Harker v. Branham

Played one of the stronger teams in Northern California in Branham HS last night – formerly known as the Bruin Dream back when it was captained by Taylor Averill, Ryan Holmes, and Ryan Sullivan of the CCS championship 2010 class.

But for our sake, just wanted to share some real world data from the 2019 Harker team.

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(the small blue chart at the top is mislabeled, please ignore)

Above is the serving data from the Branham match and what we are looking at on the left is the FBSO Eff of Branham when we serve against them. The values are in that little floating bar chart in the upper middle where an ace is worth -1.000 to Branham, a good pass is worth 0.000, and an OK pass is worth 0.088. These values are aggregated over all 3 matches Harker has played so far based on what each outcome was worth to our opponents. So a perfect pass, which would normally be the second worst outcome for Harker, is actually the second best because the teams we’ve played keep hitting perfect pass out of bounds…but in the long run, this should settle down and reflect our assumptions that perfect passes are good for the offense.

Biggest takeaway (other than that the top 3 servers play for MVVC) is that the bottom 3 servers from the match (Charlie, Jarrett, and Vance) are all much higher error than the rest of the team. If in fact teams are hitting so poorly against us in FBSO that just putting the ball in play is almost an advantage for our team, maybe we’ll ask our bottom 3 guys to stop hitting such high risk serves.

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Reception is looked at the same way as serving – we see how well Harker has done given each type of pass using data from all 3 matches and create values for each outcome based on these expectations. The funny thing you’ll see here is that good passes are better for us than perfect passes – likely because on perfect passes we can set the middle…who sometimes hits it out. But on good, passes, we set our 3 big pins and things go better for us.

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So here are the three attacking charts for our players. Top one is all attacks, middle is only in-system, and bottom is out of system attacking. I recently changed the values of how we calculate these just to increase the sample size since we only had like 6 out of system attacks to create values from. So now the values of each outcome are the same regardless of in-sys or OOS. A recycle is worth 0.714 to Harker whether it comes on an in-system ball or OOS.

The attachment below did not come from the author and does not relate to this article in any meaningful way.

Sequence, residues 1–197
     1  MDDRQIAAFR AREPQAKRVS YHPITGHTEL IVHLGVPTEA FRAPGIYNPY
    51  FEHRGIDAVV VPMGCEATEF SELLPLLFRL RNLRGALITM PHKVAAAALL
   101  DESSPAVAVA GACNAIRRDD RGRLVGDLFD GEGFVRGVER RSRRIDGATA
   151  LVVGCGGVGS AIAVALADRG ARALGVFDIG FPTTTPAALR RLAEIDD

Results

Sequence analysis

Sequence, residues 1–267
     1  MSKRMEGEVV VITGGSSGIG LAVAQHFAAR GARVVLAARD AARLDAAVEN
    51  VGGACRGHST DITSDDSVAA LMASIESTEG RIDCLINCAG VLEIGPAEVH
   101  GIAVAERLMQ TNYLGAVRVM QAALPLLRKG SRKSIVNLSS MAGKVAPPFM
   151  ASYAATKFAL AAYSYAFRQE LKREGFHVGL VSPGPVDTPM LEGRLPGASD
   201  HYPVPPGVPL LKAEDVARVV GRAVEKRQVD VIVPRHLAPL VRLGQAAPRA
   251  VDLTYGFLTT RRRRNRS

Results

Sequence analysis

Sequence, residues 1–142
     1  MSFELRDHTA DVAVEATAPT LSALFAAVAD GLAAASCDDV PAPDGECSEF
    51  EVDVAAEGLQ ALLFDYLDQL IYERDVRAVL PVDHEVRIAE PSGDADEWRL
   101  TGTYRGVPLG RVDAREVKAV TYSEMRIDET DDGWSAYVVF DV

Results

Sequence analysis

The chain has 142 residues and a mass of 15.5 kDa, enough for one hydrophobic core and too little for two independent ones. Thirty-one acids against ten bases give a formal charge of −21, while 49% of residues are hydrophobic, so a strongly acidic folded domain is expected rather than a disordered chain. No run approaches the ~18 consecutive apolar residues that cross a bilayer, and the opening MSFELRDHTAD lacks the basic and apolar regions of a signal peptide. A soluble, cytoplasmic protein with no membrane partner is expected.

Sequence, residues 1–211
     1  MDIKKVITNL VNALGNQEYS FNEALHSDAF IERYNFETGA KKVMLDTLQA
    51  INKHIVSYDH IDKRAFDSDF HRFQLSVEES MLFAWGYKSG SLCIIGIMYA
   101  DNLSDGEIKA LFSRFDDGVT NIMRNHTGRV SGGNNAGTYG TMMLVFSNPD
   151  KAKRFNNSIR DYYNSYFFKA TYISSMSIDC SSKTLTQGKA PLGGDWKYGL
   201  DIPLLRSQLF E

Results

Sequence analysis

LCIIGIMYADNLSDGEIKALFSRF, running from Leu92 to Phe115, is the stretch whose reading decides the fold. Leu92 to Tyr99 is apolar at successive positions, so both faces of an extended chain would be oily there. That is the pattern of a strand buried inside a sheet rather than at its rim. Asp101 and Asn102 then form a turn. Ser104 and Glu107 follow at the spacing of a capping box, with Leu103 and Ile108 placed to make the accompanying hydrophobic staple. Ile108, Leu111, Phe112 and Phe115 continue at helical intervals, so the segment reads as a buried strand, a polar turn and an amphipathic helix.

Again, you’ll see the top attackers are also the low-error ones – and that attackers with more swings are shaded darker blue.

One thing we’ve been spending a ton of time on is OOS setting and attacking – and as you can tell – we still really suck. The goal is for the left-side players (Jeff and Billy) to engage with the blockers and swipe the ball out of bounds or jam it opened handed to the middle of the court. For Jarrett on the right-side, we can leave him a little farther off the net and let him bang because he’s a bigger dude with a bigger arm. Currently, we’re still terrible at this but will keeping grinding away in practice.

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Finally we have our team sheets. This is team in-system attacking on the top and OOS on the bottom. The blue bars are the percentage breakdown of what results from the attack – and the orange Gantt bars represent the value of each outcome to us. In-system from last night looked pretty good. 50% kill, only 7% swinging into perfect digs – though 14% error could be better. Out of system was bad. 20% kill, 30% error!??!?!? are you kidding. and 20% attacking into a perfect dig by Branham. I’d argue that 50% terrible. So we’ve got some work to do.

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Lastly, here is our team defense against Branham (top is Branham in-system, bottom is Branham OOS). Same deal as the previous chart, with the orange bars being how well Harker scores on each of the Branham attacking outcomes.

I thought we handled the out of system defense portion pretty well – where they were swinging wildly, making a ton of errors, and we ran down all the easy stuff they had to send over.

Anyway – out of system setting and attacking + some basic blocking foot/eye work is on the agenda the rest of the week, so we’ll see how much better we can get!